Moreover, the data are subjected to distortionary impacts of government intervention and imperfect information (Vollrath 1991, 266-267). The second problem encountered during the empirical measurement of comparative advantage, arises out of commodity aggregation. It is possible for a country to have comparative disadvantage in a composite commodity and comparative advantage for a disaggregated commodity within the same composite group (Vollrath 1991, 267).

Despite such shortcomings, several attempts have been made in the past to quantify comparative advantage and are still being actively pursued. Typically, comparative advantages of countries have been measured in the literature by various alternative indices of ‘revealed comparative advantage’ (RCA), using post-trade data. Balassa (1965) coined the term ‘revealed comparative advantage’. However, over the years Balassa’s RCA index has been criticized from various perspectives and alternative RCA indices have been suggested in the literature. Though each of these latter indices have tried to address one or

Conference papers © Knowledge Globalization Institute, Pune, India, 2012

more shortcomings of the Balassa’s RCA index, the existing literature have not tried to determine empirically, how various alternative RCA indices are consistent with the idea of comparative advantage, as identified by Heckscher-Ohlin. Section 2 of this paper, reviews the RCA indices of Balassa and subsequent authors. Eventually it introduces another index, by considering suitable modification of the index of Balassa, such that the new index has structural features superior to other existing indices.

Section 3 attempts to examine empirically, using cross sectional data, how far the RCA indices considered in section 2, are consistent with the Heckscher-Ohlin theory and thereby permits a comparative study. Section 4 concludes that the suggested modified index could be used to determine the comparative advantage of countries as it has good structural features and in addition is empirically consistent with the theory.

2 Indices of RCA

Although the idea of ‘revealed comparative advantage’ is attributed to Balassa, prior to that, Liesner (1958) actually made a preliminary attempt at quantifying comparative advantage, using post-trade data. Liesner used relative export performance in order to assess bilateral comparative advantage between Britain and one of its European competitors, for a single commodity, while exporting to Europe. However, the index that he devised in the process, was limited in its coverage as it considered only a single commodity, and attempted to identify comparative advantage of a country, on the basis of its performance in exporting that commodity, relative to other countries (Vollrath 1991, 269).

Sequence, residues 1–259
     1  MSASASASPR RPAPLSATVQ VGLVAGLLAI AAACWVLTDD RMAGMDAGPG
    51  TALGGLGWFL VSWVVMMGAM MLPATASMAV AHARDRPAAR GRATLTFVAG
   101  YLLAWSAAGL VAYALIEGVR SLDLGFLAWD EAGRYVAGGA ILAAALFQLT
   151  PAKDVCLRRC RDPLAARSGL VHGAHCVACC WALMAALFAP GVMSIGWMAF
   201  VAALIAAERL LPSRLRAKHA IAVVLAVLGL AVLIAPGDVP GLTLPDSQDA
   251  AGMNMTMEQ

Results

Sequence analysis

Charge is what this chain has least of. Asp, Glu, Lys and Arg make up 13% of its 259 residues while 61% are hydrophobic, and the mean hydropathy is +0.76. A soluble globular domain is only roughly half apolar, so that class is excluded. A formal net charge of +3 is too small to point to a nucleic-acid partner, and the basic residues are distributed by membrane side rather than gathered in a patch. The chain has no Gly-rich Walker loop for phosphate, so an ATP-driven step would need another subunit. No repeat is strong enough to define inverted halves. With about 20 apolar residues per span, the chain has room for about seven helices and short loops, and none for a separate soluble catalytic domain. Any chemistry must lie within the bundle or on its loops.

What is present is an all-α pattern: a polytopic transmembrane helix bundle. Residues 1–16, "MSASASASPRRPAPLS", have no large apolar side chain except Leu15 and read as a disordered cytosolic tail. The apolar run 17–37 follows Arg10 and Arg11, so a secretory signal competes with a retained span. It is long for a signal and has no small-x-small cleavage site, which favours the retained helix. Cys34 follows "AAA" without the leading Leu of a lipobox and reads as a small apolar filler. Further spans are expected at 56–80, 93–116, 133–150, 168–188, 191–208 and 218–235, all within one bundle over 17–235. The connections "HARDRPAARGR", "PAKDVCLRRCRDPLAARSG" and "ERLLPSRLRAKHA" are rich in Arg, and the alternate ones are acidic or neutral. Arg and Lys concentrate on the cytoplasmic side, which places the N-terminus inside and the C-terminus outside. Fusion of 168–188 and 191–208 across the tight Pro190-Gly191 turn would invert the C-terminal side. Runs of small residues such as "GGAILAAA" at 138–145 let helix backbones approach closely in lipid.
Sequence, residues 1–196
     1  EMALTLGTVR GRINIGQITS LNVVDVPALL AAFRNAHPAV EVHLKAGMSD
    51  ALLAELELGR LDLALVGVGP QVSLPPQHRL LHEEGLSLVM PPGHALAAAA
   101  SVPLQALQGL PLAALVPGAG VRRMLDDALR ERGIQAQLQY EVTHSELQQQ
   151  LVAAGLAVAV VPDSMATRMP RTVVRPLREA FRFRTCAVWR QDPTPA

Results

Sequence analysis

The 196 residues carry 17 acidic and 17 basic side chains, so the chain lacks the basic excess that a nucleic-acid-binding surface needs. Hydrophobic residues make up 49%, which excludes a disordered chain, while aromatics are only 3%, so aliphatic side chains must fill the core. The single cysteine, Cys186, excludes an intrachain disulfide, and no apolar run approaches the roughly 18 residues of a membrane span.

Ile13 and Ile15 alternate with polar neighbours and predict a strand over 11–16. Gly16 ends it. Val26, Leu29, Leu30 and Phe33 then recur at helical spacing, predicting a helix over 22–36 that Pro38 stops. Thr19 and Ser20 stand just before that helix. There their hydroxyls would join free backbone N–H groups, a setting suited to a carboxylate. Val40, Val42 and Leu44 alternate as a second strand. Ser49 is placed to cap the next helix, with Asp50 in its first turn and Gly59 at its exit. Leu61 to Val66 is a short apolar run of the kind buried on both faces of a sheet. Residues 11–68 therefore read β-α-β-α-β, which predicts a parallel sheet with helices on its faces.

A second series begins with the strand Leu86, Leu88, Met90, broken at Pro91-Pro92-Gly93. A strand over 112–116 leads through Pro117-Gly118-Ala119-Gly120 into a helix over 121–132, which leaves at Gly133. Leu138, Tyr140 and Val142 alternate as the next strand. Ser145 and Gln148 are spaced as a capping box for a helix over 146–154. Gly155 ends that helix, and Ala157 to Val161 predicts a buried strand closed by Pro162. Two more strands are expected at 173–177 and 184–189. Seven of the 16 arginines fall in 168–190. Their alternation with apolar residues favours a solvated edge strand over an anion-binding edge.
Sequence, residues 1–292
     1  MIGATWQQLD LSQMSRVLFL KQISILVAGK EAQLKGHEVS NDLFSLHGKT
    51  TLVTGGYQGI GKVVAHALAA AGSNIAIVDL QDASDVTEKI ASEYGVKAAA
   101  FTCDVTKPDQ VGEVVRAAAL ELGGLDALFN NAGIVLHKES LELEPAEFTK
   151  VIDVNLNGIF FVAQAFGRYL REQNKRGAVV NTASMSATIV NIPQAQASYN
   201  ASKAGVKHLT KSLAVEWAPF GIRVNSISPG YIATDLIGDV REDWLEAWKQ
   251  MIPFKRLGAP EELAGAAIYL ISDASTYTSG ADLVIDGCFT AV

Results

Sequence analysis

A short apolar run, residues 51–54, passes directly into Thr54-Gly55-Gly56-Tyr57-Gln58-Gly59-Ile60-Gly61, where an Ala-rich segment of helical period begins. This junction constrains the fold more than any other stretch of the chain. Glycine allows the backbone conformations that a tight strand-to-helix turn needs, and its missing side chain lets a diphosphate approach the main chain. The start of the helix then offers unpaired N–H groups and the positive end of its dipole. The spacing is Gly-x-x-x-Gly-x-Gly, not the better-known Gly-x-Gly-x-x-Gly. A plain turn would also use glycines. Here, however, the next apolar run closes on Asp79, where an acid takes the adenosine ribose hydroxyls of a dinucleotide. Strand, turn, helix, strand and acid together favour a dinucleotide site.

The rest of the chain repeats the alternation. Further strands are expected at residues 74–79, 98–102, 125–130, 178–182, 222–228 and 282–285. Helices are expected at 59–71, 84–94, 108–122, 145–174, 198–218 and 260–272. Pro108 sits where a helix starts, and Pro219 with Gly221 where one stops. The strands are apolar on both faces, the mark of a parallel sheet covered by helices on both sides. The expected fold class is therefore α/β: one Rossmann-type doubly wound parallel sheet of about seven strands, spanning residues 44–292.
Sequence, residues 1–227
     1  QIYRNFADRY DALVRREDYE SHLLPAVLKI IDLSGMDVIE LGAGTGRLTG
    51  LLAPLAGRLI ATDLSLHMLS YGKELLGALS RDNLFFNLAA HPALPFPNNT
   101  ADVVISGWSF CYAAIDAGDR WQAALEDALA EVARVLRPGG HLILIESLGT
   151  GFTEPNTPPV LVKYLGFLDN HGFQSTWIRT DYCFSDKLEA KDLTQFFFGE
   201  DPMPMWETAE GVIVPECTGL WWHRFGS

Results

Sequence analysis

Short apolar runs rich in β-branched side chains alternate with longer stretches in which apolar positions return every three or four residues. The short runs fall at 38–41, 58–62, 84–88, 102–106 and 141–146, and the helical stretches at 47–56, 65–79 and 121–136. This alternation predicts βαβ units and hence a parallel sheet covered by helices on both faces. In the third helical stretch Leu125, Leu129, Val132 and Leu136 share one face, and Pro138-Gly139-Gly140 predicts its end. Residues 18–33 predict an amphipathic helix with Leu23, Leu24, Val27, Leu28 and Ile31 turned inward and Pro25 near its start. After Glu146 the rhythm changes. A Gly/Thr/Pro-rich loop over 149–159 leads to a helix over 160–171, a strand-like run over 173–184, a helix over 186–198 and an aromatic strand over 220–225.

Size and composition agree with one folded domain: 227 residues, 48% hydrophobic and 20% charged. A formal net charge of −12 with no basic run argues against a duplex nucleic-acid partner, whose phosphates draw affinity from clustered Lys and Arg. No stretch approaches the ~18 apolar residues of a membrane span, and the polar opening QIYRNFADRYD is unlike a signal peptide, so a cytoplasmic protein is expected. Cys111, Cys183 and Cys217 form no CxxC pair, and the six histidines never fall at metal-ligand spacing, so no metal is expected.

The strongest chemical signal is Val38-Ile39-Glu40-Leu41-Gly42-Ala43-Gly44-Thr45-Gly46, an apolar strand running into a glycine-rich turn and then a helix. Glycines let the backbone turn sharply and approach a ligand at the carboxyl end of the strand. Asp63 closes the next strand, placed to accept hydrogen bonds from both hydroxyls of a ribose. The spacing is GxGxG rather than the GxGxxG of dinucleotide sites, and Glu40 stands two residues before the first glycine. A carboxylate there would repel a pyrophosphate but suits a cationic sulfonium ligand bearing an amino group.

Eventually, by adjusting Liesner’s index, Balassa (1965) developed his index and named it as ‘revealed comparative advantage index’. In his view, comparative advantage can be ‘revealed’ through real life patterns of country or commodity trade, because actual exchange reflects differences in costs as well as non-price factors (Vollrath 1991, 266). The original RCA index of Balassa

was defined in the following form:

i c i c (X a / X a) / (X m / X m) Here, X stands for exports, m denotes all manufactured goods and a to any one of the manufactured goods. i and c denote any one of the 11 industrial countries that he considered and all the 11 countries together respectively. The index is thus expressed as the ratio of a country’s share in 11 countries’ exports of a particular product, to its share in the 11 countries’ exports of all manufactured goods. A value of the index greater (less) than unity signifies revealed comparative advantage (disadvantage) in product a by country i.

Identifying the fact that Balassa’s index is restricted in terms of both commodity and country coverage, it was later modified to

include all countries and all traded commodities. Hence, the RCA index of Balassa takes the following form:

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Here a refers to any specific commodity (not necessarily manufactures); t refers to all traded commodities (both manufactures and non manufactures); i and w to any country and the world respectively. In the following analysis, while referring to the Balassa’s RCA index, this version of the original index would be considered.

2.1 Problems with the RCA index of Balassa